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G(W,V, h)dW
(4.22)
where
W1 = Wf , Wn+1 = W0. (4.23)
Then, the distance factor and the time factor are assumed to vary linearly
with the weight over each subinterval, that is,
F = Fk +
Fk+1−Fk
Wk+1−Wk
(W −Wk)
G = Gk +
Gk+1−Gk
Wk+1−Wk
(W −Wk)
(4.24)
so that Eqs. (4.22) can be integrated analytically to obtain
xf − x0 =
n∑
k=1
1
2
(Fk+1 + Fk)(Wk+1 −Wk) (4.25)
tf − t0 =
n∑
k=1
1
2
(Gk+1 +Gk)(Wk+1 −Wk). (4.26)
88 Chapter 4. Cruise and Climb of an Arbitrary Airplane
In general, the number of intervals which must be used to get a reason-
ably accurate solution is small, sometimes just one.
While the distance and time can be computed for different
velocity profiles such as constant velocity or constant lift coefficient, it is
important for design purposes to find the maximum distance trajectory
and the maximum time trajectory.
4.8 Cruise Point Performance for the SBJ
The analysis of the distance factor F and the time factorG is called point
performance because only points of a trajectory are considered. For a
fixed altitude, this can be done by plotting F and G versus velocity for
several values of the weight. Regardless of the weight interval [W0,Wf ]
that is being used to compute distance and time, F and G can be com-
puted for all values of W at which the airplane might operate. The use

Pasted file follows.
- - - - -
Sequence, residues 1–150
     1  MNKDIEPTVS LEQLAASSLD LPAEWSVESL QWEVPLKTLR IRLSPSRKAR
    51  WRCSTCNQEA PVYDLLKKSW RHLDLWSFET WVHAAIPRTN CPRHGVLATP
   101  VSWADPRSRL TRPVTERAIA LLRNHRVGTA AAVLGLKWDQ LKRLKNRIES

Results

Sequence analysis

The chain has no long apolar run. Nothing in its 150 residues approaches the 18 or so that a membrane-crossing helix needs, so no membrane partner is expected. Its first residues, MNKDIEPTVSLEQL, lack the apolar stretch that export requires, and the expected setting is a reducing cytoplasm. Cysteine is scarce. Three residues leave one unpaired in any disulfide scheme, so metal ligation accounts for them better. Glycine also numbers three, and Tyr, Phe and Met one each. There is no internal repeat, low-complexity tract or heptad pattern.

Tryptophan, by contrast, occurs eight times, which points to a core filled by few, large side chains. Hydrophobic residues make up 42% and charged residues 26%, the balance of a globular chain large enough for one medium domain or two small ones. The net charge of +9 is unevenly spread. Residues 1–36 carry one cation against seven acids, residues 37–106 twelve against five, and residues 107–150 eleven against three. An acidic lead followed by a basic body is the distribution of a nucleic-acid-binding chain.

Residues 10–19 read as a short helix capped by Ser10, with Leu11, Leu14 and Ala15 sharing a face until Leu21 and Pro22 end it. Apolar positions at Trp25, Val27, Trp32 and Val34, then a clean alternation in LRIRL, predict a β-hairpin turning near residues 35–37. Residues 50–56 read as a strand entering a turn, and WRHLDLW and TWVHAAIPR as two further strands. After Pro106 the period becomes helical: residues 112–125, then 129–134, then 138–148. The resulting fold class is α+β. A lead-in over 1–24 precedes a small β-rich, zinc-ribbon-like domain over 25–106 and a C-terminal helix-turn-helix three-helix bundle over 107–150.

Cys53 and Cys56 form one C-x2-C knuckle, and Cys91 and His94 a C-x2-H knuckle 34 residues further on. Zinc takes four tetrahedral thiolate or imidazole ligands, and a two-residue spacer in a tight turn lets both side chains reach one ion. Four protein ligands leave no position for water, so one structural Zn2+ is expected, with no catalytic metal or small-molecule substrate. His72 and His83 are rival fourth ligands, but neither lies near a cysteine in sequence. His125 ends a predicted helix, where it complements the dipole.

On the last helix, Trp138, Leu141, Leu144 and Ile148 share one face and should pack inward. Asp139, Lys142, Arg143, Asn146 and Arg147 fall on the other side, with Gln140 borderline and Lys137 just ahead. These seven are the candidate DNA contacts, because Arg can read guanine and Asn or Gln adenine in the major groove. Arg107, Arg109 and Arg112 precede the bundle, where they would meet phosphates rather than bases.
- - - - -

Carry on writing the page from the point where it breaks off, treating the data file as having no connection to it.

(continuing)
of F and G to compute the distance and time for a given velocity profile
V (W ) and a given weight interval [W0,Wf ] is called path performance,
because a whole path is being investigated.
Point performance for the SBJ begins with the solution of Eq.
(4.14) for the power setting P (h, V,W ) using Newton’s method. It is
shown in Fig. 4.3 for h = 35.000 ft. Note that the power setting is
around 0.90. Then, P is substituted into Eqs. (4.17) to get the distance
factor F (W,V, h) and the time factor G(W,V, h). Values of F and G
have been computed for many values of the velocity (1 ft/s intervals)
and for several values of the weight. These quantities are plotted in
Figs. 4.4 and 4.5.
It is observed from Fig. 4.4 that the distance factor has a
maximum with respect to the velocity for each value of the weight. This
maximum has been found from the data used to compute F . At each
weight, the velocity that gives the highest value of F is assumed to rep-
resent the maximum. Values of V (W ), Fmax(W ), and the corresponding
values of G(W ) are listed in Table 4.1 and plotted in Figs. 4.6 and 4.7.